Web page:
Daniel Craig Offers Advice for Responding to Hotel Reviews
As a hotel manager, when a guest comes to the front desk to register a complaint, do you: 1) look busy; 2) skulk out the back door; or 3) handle the matter personally?
Not that difficult a question, is it? Then why do only 4% of negative reviews on TripAdvisor get a response? Does the fact that reviews are often anonymous and directed at travelers rather than hotels let us off the hook? Or are hoteliers even paying attention? Consumers certainly are. Reviews are playing an increasingly important role in booking decisions. Some would say that online reviews deserve even more time than internal surveys, as the feedback is just as (if not more) valuable, and the impact is public.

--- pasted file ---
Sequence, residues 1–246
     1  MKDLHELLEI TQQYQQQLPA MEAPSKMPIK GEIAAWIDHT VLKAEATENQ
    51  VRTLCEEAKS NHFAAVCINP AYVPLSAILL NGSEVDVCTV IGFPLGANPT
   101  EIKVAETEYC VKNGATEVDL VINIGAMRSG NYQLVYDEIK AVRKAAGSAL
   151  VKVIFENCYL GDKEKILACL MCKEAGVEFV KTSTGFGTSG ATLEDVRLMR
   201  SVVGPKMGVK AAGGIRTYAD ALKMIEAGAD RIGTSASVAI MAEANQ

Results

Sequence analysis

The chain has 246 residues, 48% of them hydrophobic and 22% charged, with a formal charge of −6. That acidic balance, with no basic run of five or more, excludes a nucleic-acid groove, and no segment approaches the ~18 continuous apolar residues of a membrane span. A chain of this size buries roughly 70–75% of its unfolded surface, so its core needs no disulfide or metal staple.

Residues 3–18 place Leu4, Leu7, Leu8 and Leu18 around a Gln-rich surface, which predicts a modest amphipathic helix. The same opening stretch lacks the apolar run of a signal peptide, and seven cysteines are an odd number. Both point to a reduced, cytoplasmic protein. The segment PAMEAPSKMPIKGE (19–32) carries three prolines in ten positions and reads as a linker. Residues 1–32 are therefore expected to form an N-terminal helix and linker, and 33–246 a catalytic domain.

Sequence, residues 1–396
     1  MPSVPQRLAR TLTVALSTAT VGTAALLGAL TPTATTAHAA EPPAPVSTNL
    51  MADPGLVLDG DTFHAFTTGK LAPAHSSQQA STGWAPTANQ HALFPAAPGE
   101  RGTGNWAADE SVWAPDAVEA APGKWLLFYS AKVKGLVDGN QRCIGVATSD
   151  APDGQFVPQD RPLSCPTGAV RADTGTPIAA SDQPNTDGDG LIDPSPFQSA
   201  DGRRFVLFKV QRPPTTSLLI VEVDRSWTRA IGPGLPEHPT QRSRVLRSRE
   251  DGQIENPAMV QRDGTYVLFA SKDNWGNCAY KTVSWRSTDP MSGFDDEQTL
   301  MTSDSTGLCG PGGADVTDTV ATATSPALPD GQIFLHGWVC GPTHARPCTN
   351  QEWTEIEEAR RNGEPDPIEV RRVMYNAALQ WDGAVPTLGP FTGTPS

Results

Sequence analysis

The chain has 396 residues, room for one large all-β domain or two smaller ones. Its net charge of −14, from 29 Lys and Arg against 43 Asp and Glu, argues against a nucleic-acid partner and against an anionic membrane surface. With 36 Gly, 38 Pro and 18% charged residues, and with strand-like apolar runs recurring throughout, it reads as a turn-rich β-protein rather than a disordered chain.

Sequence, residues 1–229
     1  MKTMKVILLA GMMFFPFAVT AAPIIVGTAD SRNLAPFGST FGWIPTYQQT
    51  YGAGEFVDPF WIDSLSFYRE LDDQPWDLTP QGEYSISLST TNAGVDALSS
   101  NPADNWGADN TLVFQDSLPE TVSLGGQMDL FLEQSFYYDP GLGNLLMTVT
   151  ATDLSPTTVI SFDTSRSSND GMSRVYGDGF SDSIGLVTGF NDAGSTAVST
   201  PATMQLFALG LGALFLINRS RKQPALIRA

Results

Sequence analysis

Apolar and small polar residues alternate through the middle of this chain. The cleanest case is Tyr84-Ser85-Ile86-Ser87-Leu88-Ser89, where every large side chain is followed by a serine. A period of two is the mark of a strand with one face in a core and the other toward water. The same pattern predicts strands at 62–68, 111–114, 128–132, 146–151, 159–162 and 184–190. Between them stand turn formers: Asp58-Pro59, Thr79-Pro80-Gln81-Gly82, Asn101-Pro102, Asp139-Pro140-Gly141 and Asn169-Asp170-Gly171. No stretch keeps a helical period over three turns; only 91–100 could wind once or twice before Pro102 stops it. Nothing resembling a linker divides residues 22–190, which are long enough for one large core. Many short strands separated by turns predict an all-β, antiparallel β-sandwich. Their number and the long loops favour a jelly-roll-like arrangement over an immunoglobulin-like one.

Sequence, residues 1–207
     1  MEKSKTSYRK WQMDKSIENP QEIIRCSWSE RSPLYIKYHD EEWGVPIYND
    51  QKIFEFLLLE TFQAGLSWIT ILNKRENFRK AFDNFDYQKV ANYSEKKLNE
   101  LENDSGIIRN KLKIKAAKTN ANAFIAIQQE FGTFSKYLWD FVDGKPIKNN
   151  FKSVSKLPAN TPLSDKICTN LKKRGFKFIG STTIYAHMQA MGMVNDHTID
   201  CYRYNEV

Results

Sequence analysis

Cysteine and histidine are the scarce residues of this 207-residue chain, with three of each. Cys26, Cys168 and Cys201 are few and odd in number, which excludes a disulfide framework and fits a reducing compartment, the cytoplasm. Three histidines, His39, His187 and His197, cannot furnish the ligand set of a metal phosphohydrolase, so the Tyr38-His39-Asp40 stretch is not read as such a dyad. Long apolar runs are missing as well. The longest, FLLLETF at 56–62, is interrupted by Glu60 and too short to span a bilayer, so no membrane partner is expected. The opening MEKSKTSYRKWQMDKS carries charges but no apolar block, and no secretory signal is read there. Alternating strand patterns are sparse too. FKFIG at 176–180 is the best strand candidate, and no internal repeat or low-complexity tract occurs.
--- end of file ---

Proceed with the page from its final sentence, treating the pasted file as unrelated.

According to TripAdvisor, a property’s response to criticism can have more influence on traveler decisions than the criticism itself. Hoteliers have a chance to redeem themselves, yet the vast majority chooses to remain silent, willfully allowing reputation and business to suffer. Granted, not all review sites allow hotel responses. Online travel agencies posted three times as many hotel reviews than traveler review sites last year, yet whereas Expedia and Hotels.com allow responses, Priceline and Travelocity don’t, effectively shutting hotels out of the conversation.
Read the entire article at Hotel Online.